Rugby - Coming To A Street Near You

Scottish Rugby's development team has completed its first test of taking rugby to the streets of Scotland at St Aiden’s school in Glasgow’s east-end. Utilising a portion of the £1.4million 'Cashback for Communities’ funding from the Scottish government, Scottish Rugby has created an easy to play and portable version of the game to engage with young people in their neighbourhoods. Young people aged between 10 and 19 have been taking part in the pilots geared towards having fun with rugby for the past eight weeks in key locations across Scotland.

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Non-contact forms of rugby and basic passing and running drills have been the main focus while the more ambitious of the participants were introduced to the basic elements of the contact game.  

Street Rugby aims to provide free rugby coaching and playing activities for a total of 12,000 youngsters by 2011.

Colin Thomson, Scottish Rugby’s head of community rugby, said: "We believe that Street Rugby can play a major role in helping young Scots to become healthier, safer and stronger while increasing the opportunities for young Scots to play rugby - especially those in disadvantaged areas.

“We want to be the fastest growing sport in Scotland and we’ve set out our targets in our five year plan to have an extra 11,000 regular players by 2012. We can link this activity to schools and local rugby clubs through out nationwide network of jointly funded development officers.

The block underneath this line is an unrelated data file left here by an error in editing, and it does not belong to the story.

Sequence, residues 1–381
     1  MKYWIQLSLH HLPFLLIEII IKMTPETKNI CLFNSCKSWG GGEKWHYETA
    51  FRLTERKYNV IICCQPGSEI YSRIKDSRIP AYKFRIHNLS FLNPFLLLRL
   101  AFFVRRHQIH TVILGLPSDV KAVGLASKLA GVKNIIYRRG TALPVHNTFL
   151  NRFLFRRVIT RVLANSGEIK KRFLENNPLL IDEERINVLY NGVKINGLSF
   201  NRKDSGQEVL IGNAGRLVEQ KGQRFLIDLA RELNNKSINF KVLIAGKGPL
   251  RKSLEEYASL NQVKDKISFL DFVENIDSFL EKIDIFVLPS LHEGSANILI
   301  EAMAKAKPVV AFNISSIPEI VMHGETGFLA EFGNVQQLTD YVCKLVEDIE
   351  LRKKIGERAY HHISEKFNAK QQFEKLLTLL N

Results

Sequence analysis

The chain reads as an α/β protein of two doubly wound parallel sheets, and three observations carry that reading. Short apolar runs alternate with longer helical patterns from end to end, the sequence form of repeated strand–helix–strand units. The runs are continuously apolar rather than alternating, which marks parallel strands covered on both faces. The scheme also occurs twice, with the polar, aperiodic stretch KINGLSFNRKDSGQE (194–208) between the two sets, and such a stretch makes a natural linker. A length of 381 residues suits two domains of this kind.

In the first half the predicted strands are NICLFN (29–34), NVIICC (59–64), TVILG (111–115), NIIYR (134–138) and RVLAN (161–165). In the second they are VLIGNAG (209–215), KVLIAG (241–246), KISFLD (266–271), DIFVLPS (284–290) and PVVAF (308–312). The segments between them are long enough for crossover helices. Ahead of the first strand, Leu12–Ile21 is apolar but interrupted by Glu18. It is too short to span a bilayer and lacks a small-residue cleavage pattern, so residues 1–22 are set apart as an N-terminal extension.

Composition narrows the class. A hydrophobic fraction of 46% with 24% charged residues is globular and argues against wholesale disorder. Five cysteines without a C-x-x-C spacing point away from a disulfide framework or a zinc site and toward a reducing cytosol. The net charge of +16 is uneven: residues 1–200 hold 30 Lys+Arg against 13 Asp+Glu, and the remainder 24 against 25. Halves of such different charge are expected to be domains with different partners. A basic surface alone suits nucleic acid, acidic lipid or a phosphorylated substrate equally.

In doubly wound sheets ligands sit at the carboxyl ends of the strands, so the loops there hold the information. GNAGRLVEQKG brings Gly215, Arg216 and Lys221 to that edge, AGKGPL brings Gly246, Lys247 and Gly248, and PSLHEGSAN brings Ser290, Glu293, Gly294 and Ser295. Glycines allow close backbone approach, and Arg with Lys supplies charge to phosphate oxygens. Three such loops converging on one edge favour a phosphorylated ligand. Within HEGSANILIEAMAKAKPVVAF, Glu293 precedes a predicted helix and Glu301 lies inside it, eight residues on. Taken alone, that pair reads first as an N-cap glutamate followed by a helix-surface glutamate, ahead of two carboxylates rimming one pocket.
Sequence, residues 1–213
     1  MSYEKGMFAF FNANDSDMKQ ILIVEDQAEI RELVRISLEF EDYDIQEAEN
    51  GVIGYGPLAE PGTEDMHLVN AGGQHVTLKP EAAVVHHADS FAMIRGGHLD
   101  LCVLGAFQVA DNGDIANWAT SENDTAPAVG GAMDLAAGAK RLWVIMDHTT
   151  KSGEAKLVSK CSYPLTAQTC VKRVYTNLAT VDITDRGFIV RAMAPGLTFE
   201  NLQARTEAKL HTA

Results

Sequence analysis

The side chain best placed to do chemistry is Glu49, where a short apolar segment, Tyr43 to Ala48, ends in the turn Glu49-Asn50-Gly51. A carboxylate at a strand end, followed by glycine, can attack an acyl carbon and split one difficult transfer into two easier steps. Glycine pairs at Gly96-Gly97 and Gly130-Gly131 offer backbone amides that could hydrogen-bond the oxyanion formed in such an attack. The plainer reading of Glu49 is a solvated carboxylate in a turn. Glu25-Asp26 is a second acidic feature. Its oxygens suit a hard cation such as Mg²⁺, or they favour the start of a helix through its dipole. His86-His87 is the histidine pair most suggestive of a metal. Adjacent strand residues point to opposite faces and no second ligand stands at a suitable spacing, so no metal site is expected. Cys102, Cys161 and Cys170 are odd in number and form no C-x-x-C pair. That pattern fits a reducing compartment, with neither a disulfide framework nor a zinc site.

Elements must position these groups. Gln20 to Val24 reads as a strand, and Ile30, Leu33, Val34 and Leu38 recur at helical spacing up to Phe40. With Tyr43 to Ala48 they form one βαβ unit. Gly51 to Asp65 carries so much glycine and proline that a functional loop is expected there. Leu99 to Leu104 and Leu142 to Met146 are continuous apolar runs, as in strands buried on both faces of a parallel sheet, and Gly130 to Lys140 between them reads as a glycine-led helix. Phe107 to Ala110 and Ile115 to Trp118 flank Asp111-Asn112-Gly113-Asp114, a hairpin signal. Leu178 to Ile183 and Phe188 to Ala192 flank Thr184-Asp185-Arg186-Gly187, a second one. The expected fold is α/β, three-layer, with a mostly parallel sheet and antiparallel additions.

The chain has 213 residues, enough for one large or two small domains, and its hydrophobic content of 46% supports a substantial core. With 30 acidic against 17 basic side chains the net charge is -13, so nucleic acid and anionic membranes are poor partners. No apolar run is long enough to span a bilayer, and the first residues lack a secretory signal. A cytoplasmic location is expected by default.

“These development officers will offer rugby to young people in primary and secondary schools, especially those schools where there’s little chance to play rugby just now, creating local rugby centres for disadvantaged and disengaged youngsters."

Working in conjunction with local Police, Street Rugby will be targeted at lesser advantaged areas where crime and anti-social behaviour are high in a bid to offer a healthy alternative at these key times.

Scotland prop Allan Jacobsen, who hails from Prestonpans, also endorsed the project. “I was a bit of a lad when I was younger and rugby’s given me opportunities that I could never have dreamed of back then. It’ll be great if teenagers throughout Scotland can get the sort of chances I got through rugby.”

Justice Secretary Kenny MacAskill, added: “The Scottish Government wants to give our young people positive things to do with their lives and our CashBack for Communities scheme is giving our young people the opportunity to be all they can be.

“Street rugby will help to take rugby out of its traditional heartlands and provide opportunities for young people in our more disadvantaged communities to play the game. Geography, social standing and sex should be no barrier to participation in one of our great national sports.”

Over the last two years Scottish Rugby, working in partnership with rugby clubs and local authorities has put in place a network of jointly funded development officers to work with volunteers to boost numbers playing rugby. This has resulted in a 19% increase in youngsters playing the game (up from 15,189 in 2006 to 18,123 in 2007) and a 7% increase in playing adults (up from 8,972 in 2006 to 9,616 in 2007).